LEARNING CURVE Year : 2019  Volume : 41  Issue : 1  Page : 99100 Multiple testing and protection against a type 1 (false positive) error using the Bonferroni and Hochberg corrections Chittaranjan Andrade Department of Psychopharmacology, National Institute of Mental Health and Neurosciences, Bangalore, Karnataka, India Correspondence Address: In a given study, if many related outcomes are tested for statistical significance, one or more outcomes may emerge significant at the P < 0.05 level not because they are truly significant in the population but because of chance. The larger the number of statistical tests performed, the greater the risk that some of the significant findings are significant because of chance. There are many ways to protect against such false positive or Type 1 errors. The simplest way is to set a more stringent threshold for statistical significance than P < 0.05. This can be done using either the Bonferroni or the Hochberg correction. Using the Bonferroni correction, 0.05 is divided by the number of statistical tests being performed and the result is set as the critical P value for statistical significance. Using the Hochberg correction, the P values obtained from the different statistical tests are arranged in descending order of magnitude, and each P value is assessed for significance against progressively more stringent levels for significance. The Bonferroni and Hochberg procedures are explained with the help of examples.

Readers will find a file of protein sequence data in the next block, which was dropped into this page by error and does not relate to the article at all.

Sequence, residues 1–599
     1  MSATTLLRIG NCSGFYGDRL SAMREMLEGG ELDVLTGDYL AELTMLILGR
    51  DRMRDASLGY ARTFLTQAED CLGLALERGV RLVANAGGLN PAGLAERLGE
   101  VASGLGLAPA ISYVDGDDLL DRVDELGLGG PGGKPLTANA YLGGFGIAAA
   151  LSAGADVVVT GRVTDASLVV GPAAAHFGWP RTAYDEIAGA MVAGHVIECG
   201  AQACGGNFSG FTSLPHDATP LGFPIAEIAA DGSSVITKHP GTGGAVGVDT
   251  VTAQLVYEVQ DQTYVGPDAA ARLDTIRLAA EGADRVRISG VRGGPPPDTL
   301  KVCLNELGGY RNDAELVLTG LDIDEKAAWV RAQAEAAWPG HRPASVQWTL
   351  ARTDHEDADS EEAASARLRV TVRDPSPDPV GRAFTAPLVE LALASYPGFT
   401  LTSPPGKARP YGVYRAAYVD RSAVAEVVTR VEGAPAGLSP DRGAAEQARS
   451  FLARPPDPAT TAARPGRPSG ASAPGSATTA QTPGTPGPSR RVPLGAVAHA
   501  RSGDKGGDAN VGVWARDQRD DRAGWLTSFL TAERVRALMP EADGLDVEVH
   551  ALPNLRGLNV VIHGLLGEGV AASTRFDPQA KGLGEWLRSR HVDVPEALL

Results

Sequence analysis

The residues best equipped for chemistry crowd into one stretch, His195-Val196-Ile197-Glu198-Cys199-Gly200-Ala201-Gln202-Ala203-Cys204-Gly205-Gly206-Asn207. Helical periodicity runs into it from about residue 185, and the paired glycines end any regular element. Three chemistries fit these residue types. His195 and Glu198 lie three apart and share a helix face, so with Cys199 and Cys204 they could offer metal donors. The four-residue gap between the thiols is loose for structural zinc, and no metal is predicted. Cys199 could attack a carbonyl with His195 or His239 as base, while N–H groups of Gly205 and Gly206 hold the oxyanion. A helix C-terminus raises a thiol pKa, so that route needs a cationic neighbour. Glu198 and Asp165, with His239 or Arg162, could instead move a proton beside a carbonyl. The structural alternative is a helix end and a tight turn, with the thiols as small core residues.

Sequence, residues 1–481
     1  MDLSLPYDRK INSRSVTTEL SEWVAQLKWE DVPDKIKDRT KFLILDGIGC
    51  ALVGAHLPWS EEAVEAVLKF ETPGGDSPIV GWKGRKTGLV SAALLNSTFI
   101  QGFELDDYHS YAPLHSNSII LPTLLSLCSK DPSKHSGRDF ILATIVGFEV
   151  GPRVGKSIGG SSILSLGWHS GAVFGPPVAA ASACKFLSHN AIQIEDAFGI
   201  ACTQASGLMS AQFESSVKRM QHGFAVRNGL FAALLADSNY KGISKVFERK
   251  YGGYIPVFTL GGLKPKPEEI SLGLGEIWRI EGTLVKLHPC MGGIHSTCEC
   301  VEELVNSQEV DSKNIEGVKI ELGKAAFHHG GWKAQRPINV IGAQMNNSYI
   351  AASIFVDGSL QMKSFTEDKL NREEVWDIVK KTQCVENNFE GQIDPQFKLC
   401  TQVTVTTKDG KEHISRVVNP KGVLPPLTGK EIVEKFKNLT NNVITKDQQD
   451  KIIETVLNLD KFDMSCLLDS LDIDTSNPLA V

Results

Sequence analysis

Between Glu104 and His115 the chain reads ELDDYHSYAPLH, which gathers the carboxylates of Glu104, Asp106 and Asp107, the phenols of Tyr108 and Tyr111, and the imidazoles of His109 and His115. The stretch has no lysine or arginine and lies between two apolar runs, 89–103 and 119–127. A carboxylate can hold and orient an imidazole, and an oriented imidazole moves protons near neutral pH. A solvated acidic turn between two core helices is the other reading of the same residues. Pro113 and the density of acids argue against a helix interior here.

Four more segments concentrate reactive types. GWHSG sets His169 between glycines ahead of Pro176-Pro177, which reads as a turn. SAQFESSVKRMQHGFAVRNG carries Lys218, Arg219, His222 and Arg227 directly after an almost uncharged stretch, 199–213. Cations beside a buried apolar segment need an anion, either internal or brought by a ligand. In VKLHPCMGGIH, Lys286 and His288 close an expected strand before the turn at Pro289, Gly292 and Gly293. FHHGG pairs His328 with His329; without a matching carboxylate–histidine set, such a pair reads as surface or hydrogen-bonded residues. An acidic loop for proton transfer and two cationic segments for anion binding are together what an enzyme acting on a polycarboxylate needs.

The Bonferroni Correction With this method, the value of P for statistical significance (conventionally, 0.05) is divided by the number of statistical tests performed. So, for the negative symptom outcomes, because there are two tests (one for PANSSN and one for SANS), P for statistical significance is set at 0.05/2 or 0.025. This means that the outcomes for PANSSN and SANS will be considered significant only if the P values associated with these tests are <0.025 instead of <0.05, as conventional. With regard to the cognitive outcomes, because there are five tests, for any of the five outcomes to be considered statistically significant, it should result in a P value that is <0.05/5; that is, <0.01. The Bonferroni correction is considered conservative; that is, it makes it quite difficult to obtain statistically significant results. This is because when the number of tests performed is large, the P value required for statistical significance becomes quite small and is hard to achieve. In other words, the Bonferroni correction magnifies the risk of a false negative or Type 2 statistical error.[1] The Hochberg sequential procedure offers a better balance between the Type 1 and Type 2 error risks. The Hochberg Sequential Procedure With this method, after the groups are compared on each of the five cognitive outcomes, the P values obtained are arranged in descending order of magnitude. If the outcome with the largest P value is significant at the 0.05 level (i.e., P < 0.05), then all the outcomes are considered significant. If the first P value is >0.05, then the second P value is examined; if the second P value is <0.05/2 (that is, 0.025), then this outcome and all the outcomes with smaller P values are considered significant. If the second P value is >0.025, then the third P value is examined; if the third P value is <0.05/3 (that is, 0.017), then this outcome and all the outcomes with smaller P values are considered significant; and so on. For the negative symptom outcomes, if the larger of the two P values is <0.05, then both outcomes are considered significant. If the larger value is >0.05, the second P value will be considered significant only if it is <0.05/2; that is, 0.025. Effectively, the Hochberg sequential procedure applies progressively more stringent criteria for statistical significance, and the last P value is examined at the Bonferroni correction level if the previous P values were not significant on Hochberg testing. Notes Corrections for a Type 1 statistical error are necessary only when many tests of the same construct (e.g., cognition) are conducted. Correction is generally considered unnecessary if different tests examine different constructs (e.g., psychosis, memory, and extrapyramidal symptoms). However, in such a context, the issue of primary outcome vs secondary outcomes must be considered[3]Avoidance of a Type 1 error is desirable in confirmatory studies but may be dispensed with in exploratory studies where authors do not wish to miss a potentially significant outcomeSometimes, authors may set an arbitrarily conservative P value (e.g., P < 0.01) for all tests to modestly protect against a Type 1 error.[4] Financial support and sponsorship Nil. Conflicts of interest There are no conflicts of interest. References